Floral arrangement of pink roses in shape of perfume bottle
Delina floral display; image from Basenotes.net.

Some have posited that the original Delina is more of a spring and summer fragrance, and Delina Exclusif more suitable for fall or winter. I understand that, as the flanker has some spice and warmth to it, but I think it is a year-round fragrance. As others have noted, this is a really beautiful fragrance, the major drawback being its price, around $289 or more for 75 ml. 

Overall, Delina Exclusif is a beautiful, modern rose — elegant, warm, sexy in a wholesome way. I still prefer Ormonde Jayne’s Ta’if, but if you want a rose that will certainly work well in colder weather, Delina Exclusif would be a contender, if not for its price. As it is, I’ll stick with Ta’if in most weather and Intense Cafe when temperatures are cooler.

Have you tried any of the Delina line? Flankers or other products?

Perfume Chat Room, May 28

Perfume Chat Room, May 28

Welcome to the weekly Perfume Chat Room, perfumistas! I envision this chat room as a weekly drop-in spot online, where readers may ask questions, suggest fragrances, tell others their SOTD, comment on new releases or old favorites, and respond to each other. The perennial theme is fragrance, but we can interpret that broadly. This is meant to be a kind space, so please try not to give or take offense, and let’s all agree to disagree when opinions differ. In fragrance as in life, your mileage may vary! YMMV.

Today is Friday, May 28, and it’s the start of the Memorial Day weekend here in the US! I don’t have any big plans but wow, it’s such a relief to have so many of us fully vaccinated so we CAN make plans. What a contrast to Memorial Day last year, when the pandemic was really accelerating and little was known about prevention or treatment. This Memorial Day, I will be remembering the many Americans and others who died from COVID-19, as well as those who have died in the military service of our country, the original purpose of our Memorial Day.

On a more cheerful note, today I am testing one of Chanel’s Eaux: Paris-Venise. I like it a lot so far! Have you tried any of the Eaux? I know Undina has, including the newest one, Paris-Edimbourg. (It feels so weird to spell Edinburgh that way). Or, what else are you sampling this weekend?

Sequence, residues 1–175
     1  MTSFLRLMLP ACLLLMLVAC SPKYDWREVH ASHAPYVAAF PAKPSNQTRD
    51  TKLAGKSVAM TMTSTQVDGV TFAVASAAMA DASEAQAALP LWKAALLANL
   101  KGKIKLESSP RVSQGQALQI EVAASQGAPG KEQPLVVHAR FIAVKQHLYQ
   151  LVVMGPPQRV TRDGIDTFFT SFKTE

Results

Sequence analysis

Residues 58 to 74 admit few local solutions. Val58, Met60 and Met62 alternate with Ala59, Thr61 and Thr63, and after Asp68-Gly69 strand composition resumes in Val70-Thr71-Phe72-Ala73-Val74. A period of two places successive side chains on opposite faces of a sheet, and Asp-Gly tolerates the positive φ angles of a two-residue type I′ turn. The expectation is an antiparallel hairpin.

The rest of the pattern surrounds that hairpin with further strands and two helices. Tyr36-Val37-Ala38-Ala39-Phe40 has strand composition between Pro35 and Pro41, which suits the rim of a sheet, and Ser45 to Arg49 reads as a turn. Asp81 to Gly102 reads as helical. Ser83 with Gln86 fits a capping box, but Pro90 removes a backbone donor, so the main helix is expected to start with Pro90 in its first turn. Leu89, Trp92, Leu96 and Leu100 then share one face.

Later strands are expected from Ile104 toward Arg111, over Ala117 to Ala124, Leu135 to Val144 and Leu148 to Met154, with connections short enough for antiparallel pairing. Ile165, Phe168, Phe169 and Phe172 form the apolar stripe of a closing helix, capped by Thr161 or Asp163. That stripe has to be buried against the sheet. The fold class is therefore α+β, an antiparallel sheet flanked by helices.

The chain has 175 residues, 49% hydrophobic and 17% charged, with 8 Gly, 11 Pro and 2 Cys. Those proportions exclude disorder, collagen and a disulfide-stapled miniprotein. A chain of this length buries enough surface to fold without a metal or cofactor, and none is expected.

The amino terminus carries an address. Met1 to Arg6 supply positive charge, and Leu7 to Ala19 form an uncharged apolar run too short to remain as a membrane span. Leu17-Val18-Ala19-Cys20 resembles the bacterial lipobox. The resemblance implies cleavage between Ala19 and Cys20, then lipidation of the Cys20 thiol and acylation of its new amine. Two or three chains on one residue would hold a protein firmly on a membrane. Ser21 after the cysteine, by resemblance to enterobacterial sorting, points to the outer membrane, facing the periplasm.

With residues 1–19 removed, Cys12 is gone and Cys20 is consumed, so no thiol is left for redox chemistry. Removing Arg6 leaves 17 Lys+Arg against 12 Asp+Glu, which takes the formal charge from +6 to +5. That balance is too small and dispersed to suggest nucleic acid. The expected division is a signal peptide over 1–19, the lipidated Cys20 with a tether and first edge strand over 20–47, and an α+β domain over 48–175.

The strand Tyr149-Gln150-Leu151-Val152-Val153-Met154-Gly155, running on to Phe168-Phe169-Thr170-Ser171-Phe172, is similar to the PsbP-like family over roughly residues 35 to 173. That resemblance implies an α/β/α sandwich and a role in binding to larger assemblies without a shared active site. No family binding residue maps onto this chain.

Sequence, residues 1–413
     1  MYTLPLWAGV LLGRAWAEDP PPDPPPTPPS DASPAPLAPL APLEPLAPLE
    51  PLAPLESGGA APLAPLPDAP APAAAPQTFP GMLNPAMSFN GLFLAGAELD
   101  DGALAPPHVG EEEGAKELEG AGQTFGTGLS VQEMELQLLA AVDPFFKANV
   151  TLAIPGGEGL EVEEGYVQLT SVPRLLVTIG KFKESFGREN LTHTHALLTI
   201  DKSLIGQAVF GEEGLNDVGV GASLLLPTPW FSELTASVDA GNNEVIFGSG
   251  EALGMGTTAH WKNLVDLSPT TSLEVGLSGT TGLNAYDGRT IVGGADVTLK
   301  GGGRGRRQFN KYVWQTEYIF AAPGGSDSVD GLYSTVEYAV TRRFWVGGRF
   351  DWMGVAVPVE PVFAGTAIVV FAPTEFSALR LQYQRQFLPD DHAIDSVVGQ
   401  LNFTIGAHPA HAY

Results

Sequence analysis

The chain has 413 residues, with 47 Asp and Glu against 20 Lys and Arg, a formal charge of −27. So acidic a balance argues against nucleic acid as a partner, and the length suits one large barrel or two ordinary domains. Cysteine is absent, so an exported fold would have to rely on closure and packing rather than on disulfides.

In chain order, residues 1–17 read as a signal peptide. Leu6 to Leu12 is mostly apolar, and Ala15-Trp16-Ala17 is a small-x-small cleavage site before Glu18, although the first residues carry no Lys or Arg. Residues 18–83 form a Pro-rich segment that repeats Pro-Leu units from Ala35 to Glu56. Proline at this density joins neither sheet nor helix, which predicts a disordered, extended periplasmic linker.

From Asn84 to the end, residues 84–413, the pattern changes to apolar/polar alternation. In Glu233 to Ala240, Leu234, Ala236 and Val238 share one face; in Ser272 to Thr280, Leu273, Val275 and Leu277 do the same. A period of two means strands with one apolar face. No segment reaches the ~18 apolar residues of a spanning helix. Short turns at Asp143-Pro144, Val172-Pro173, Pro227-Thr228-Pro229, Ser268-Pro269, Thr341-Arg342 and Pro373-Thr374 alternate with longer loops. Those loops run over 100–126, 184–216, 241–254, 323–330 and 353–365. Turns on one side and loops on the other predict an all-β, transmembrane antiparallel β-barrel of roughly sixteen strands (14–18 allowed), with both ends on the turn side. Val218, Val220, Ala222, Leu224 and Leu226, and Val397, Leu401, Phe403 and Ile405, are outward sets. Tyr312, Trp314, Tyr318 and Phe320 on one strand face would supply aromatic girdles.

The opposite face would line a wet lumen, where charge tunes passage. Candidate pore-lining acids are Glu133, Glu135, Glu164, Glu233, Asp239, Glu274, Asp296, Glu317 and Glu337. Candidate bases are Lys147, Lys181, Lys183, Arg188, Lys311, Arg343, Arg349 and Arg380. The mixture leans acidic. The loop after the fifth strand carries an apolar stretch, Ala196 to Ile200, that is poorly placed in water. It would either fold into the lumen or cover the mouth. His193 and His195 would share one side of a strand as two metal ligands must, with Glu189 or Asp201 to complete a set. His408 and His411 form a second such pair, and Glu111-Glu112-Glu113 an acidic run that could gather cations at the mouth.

May Melange Marathon: Modest Mimosa

May Melange Marathon: Modest Mimosa

See what I did there? I’m so pleased with myself for that headline. But in fact, my SOTD today is Vilhelm Parfumerie’s Modest Mimosa, from another sample kindly given to me. Aside from the marvelous alliteration, I like it a lot. It won’t be a top love for me because I’ve realized that mimosa isn’t one of my favorite notes; there are other blossoms I prefer, although I’ve enjoyed mimosa-based scents like Brocard’s Mechta. Jerome Epinette created Modest Mimosa in 2016. It has a fairly short list of notes: top: Neroli and Carrot; middle: Mimosa and Violet; base: Musk and Leather.

I smell the mimosa and violet right from the start, with some carrot, but very little neroli. The violet is quite powdery and very discernible, which is probably why some Fragrantica readers have said it reminds them of Apres L’Ondee. But mimosa is front and center, and it’s not modest at all. This isn’t an overpowering scent, not at all, but the mimosa announces herself at the very beginning and takes up residence at center stage.

To my nose, Modest Mimosa doesn’t evolve or change very much over time. Luckily, it smells very nice indeed. Powdery yellow floral describes it perfectly. Its list retail price is quite high, looking at LuckyScent’s website; I would not pay that much for it, but if you are a lover of mimosa and can find this at a better price, it might be just the ticket. Undina, at Undina’s Looking Glass, has several suggestions, in a number of posts about her search for the perfect mimosa.

Do you like mimosa fragrances? Or have you ever gone in search of a perfect floral note in a perfume?

Illustration for Brocard fragrance Mechta, from Gardens of Temptation
Brocard Mechta; image from http://www.brocard.ru.
Perfume Tourism, Anyone?

Perfume Tourism, Anyone?

www.nytimes.com/2021/05/11/t-magazine/beauty-shops-fragrance-skincare.html

This article is making me yearn to start traveling again!

Entrance hall of Palazzo Mocenigo, perfume museum in Venice, Italy
Palazzo Mocenigo entrance hall; image from http://www.veneziaautentica.com
May Melange Marathon: Tobacco Rose

May Melange Marathon: Tobacco Rose

When I first began to engage in “perfume tourism”, in 2015, I was lucky enough to be able to tag along with my husband on one of his business trips to London. I spent every day roaming London, visiting gardens and discovering perfumeries. One of them was Les Senteurs, a deservedly legendary perfume boutique that sells many niche fragrances. (If you ever get the chance to visit their store on Elizabeth Street, I highly recommend that you do! The staff are really nice, friendly, and knowledgeable, and the neighborhood is beautiful — plus, Jo Loves is right up the block!).

On that first visit, I told the helpful sales associate that I was interested in smelling some rose fragrances, as I had spent so much time in rose gardens that week. He showed me several and kindly offered samples, too. One in particular that he recommended was Tobacco Rose, launched just the year before, from Papillon Perfumery. He knew quite a bit about its founder, Liz Moores, whom he had met, and told me what a nice person she was! I follow Liz on Instagram — what an interesting person she is, and I love her photos of her pet owl, Ghost.